[MOSAIC] Question from future teacher-Patrick

Creecher12 at aol.com Creecher12 at aol.com
Mon Aug 6 13:53:24 EDT 2007


 
 
 
Here is my Question  For Mosaic Listserv Group. Thank you very sincerely.   
-Patrick J.  Monette 
When  I was a kid, I had very little interest in reading and making rich 
contextual  connections, but now I love to read and I don't know why this 
happened. Though  I'm mostly ignorant of the reasons behind this outcome, I'm almost 
certain that  what happened was in virtual absence of most of the inscribed 
methodologies - in  their calculated form - presented in Mosaic. My question, 
thus, is, How do  we discard things that we might consider to be antiquated or  
outdated methods of instruction when they clearly worked for so many  in the 
past? For example, reading groups that were divided by different reading  
ability levels. I was part of many a lower reading level in my day and I feel  like 
I came out of these mostly unscathed. Further, I don't think that my  
self-esteem suffered all that much, but it's my opinion that self-esteem is  immensely 
overrated anyway. Some of most terrible and evil tyrants in history,  
including Hitler and Mussolini, and some of the most notorious mob bosses and  gang 
leaders, had - each of them - VERY high levels of self-esteem. I believe  that 
one's values are a much greater determinant of one's character and  goodness, 
and should anything be given higher precedents than these? Also, if my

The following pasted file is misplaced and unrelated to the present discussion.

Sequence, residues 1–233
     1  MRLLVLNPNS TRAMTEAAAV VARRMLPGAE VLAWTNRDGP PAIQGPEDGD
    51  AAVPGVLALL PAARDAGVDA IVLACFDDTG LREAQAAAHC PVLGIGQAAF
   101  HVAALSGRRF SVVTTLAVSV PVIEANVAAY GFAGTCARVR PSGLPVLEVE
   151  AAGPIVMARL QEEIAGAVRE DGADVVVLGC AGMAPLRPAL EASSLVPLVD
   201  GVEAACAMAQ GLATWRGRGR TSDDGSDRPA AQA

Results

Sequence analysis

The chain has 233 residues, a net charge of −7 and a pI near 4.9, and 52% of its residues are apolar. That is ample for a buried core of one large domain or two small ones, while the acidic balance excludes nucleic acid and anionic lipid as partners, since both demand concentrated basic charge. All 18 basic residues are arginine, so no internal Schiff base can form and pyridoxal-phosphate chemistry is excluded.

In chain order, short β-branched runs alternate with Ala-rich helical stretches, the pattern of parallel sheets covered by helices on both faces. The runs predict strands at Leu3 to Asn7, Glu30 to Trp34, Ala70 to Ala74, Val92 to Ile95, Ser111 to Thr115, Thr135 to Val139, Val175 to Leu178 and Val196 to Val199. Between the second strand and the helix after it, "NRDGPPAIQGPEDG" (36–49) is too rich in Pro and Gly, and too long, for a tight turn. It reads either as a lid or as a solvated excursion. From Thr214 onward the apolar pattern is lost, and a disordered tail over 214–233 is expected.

self-esteem did take a hit, who's to say that this didn't benefit me in any way?  - 
that it didn't give me thicker skin, make me stronger, build character in me,  
etc.? But back to the regularly scheduled program… Although I’m not sure if 
I  enjoyed looking up vocabulary words in the dictionary and writing down 
their  definitions when I was a young bucking bronco, I’m not quite ready to 
dismiss  this method of instruction as unprofitable because I think that much of 
the  learning that was impressed on us in our younger days did so in such subtle 
ways  that it would be impossible - indeed, unprofitable and maybe even 
harmful - to  say, simply, that this and other methods are either great or 
worthless. Further,  I don’t think that they necessarily have to be one or the other. 
Each alone may  just serve as another piece of the puzzle that, combined with 
the many other  pieces, contributes to the mosaic, but by no means completes 
it. That being  said, in all its presumptive vigor, I love what I've read of 
Mosaic thus  far ;). 







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